UK Enters Into Recession For The First Time In 11 Years


UK Enters Into Recession For The First Time In 11 Years
United Kingdom
has plunged into its deepest recession on record in the first half of the year as the coronavirus lockdown saw the economy contract by more than a fifth between April and June.

A recession is defined as two successive quarters of decline in Gross Domestic Product (GDP). The US and eurozone have both already been confirmed as being in recession.

The economy shrank by 20.4 per cent between the first and second quarter, worse than any other G7 nations – Canada, France, Germany, Italy, Japan – taking the UK into its first recession since the 2008-2009 financial crisis.

UK Enters Into Recession For The First Time In 11 Years

The dramatic fall in output came after a 2.2 per cent drop in the first three months of the year.

Household spending tumbled as shops were ordered to close, while factory and construction output also fell.

This pushed the UK into its first technical recession, which is defined as two straight quarters of economic decline, since 2009, BBC reports.

The Office for National Statistics (ONS) said the economy bounced back in June as government’s restrictions on movement started to ease.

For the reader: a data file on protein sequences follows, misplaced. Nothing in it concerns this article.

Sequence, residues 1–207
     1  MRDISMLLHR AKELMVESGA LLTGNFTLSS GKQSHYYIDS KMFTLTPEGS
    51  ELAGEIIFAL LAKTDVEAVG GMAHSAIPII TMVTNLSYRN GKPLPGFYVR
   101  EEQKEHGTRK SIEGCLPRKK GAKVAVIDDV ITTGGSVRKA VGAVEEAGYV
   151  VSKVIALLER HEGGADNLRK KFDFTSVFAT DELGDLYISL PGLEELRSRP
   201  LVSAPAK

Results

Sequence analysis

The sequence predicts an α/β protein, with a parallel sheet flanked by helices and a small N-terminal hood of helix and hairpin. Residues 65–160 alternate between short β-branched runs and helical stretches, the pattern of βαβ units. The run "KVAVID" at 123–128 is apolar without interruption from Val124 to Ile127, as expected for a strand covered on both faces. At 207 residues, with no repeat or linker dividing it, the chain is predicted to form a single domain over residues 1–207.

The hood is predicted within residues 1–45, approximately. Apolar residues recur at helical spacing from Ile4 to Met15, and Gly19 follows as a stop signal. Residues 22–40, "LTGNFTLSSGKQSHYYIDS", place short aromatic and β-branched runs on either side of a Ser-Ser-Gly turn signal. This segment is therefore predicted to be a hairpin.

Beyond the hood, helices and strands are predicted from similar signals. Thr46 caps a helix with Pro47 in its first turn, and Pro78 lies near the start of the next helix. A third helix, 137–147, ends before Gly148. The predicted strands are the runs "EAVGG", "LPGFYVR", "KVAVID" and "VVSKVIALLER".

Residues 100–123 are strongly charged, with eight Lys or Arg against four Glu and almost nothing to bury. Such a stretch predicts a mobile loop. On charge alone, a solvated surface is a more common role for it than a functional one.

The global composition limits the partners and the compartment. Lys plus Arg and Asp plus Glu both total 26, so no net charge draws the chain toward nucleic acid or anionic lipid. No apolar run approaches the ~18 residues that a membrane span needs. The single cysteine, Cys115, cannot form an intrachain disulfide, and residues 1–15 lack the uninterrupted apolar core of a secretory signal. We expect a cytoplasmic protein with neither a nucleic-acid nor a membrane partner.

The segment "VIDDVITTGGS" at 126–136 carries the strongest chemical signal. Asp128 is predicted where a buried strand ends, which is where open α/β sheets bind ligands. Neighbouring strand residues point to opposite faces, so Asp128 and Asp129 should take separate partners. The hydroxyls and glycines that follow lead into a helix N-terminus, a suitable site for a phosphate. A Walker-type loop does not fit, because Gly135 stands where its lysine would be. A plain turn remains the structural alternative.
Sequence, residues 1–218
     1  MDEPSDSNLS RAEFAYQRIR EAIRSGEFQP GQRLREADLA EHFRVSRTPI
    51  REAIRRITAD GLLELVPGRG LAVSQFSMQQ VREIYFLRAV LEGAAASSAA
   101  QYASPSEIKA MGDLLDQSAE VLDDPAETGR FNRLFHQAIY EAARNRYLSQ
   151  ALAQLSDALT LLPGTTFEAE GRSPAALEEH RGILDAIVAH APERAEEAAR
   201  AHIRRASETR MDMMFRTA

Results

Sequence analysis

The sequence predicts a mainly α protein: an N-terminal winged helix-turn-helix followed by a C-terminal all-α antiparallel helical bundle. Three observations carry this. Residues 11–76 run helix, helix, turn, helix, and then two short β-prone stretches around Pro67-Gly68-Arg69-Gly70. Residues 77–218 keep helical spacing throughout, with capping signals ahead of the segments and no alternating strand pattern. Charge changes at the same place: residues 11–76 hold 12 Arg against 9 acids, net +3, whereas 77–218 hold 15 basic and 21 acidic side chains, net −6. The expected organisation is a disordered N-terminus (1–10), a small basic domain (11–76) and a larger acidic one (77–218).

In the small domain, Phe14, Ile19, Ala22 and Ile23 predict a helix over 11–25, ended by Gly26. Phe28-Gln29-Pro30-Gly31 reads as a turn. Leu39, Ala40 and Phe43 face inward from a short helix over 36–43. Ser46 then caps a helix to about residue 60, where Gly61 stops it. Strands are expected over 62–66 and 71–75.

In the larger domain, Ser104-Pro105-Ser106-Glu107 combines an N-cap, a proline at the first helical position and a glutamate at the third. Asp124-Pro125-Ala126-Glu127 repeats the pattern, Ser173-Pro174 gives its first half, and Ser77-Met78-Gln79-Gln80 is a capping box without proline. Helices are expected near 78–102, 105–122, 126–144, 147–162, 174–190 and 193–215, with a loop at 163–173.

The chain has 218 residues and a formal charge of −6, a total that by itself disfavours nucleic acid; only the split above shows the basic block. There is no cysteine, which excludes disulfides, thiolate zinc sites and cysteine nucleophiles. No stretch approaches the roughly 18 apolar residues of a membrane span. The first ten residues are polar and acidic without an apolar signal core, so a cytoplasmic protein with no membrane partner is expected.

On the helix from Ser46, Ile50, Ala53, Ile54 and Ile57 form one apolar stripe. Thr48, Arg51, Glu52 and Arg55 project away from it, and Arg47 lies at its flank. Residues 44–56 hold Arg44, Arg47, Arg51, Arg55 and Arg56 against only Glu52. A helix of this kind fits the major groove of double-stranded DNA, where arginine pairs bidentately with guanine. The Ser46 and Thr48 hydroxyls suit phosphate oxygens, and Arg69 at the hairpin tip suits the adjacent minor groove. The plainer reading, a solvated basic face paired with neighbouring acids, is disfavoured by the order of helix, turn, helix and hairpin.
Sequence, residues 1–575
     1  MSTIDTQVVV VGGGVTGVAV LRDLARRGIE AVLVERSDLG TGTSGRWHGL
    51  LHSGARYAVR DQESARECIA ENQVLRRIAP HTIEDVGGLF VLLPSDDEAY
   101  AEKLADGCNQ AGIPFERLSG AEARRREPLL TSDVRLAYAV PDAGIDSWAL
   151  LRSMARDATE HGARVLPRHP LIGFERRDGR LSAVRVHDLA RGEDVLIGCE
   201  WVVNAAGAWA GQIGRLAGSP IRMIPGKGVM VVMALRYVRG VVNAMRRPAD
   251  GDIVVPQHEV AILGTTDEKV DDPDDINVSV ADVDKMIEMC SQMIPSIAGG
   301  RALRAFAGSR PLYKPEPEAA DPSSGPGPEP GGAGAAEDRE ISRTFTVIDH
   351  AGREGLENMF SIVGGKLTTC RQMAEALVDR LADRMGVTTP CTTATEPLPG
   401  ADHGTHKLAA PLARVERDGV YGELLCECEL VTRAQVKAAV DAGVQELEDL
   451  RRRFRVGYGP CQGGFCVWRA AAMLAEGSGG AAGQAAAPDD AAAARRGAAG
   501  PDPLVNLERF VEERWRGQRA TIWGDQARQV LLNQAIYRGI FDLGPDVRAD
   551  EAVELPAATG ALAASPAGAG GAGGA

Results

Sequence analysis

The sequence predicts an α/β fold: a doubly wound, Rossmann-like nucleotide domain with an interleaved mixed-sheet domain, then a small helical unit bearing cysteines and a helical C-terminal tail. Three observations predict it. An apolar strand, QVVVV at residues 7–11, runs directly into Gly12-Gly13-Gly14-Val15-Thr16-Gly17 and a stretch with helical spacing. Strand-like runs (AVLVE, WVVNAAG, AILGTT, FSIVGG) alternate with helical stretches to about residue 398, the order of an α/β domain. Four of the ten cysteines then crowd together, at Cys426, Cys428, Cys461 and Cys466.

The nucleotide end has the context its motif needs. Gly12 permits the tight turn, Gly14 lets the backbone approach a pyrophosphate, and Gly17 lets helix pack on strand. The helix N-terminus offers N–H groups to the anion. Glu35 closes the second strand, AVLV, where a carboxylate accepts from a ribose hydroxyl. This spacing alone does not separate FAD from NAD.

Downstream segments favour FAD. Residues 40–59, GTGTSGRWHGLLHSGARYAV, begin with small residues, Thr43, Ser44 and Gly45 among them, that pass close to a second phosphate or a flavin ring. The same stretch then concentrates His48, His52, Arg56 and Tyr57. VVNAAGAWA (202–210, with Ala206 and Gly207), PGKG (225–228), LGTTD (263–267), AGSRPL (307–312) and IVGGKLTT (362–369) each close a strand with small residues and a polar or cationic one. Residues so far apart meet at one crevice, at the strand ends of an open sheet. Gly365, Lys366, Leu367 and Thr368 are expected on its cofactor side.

On the country’s economic performance, Jonathan Athow, deputy national statistician for economic statistics, said;

Despite this, gross domestic product (GDP) in June still remains a sixth below its level in February, before the virus struck.

The ONS disclosed that the collapse in output was due to the closure of shops, hotels, restaurants, schools and car repair shops.

According to BBC, the services sector, which powers four-fifths of the economy, suffered the biggest quarterly decline on record and factory shutdowns resulted in the slowest car production since 1954.

On a month-on-month (MoM) basis, the UK economy grew by 8.7 percent in June, building on growth in May.

Despite this, Rishi Sunak, chancellor of the Exchequer, disclosed that the economic slump would lead to more job losses in the coming months.

He said;

I have said before that hard times were ahead, and today’s figures confirm that hard times are here. Hundreds of thousands of people have already lost their jobs, and sadly in the coming months, many more will. But while there are difficult choices to be made ahead, we will get through this, and I can assure people that nobody will be left without hope or opportunity.

The UK has reportedly suffered more than any major European economy during the COVID-19 lockdown.

According to Samuel Tombs, chief UK economist at Pantheon Macroeconomics, said;

The long duration of the lockdown in the second quarter, due to the government’s slow response to COVID-19 in March, followed by its failure to prevent the virus from spreading from hospitals, was at the root of the economy’s underperformance.

Also, in the country’s economy, wages and salaries have fallen to 1.6 percent, which is the first decline since 2015 and the largest since 2008.

Economists forecast that, although the coronavirus recession is unprecedentedly deep, it should be of short duration.

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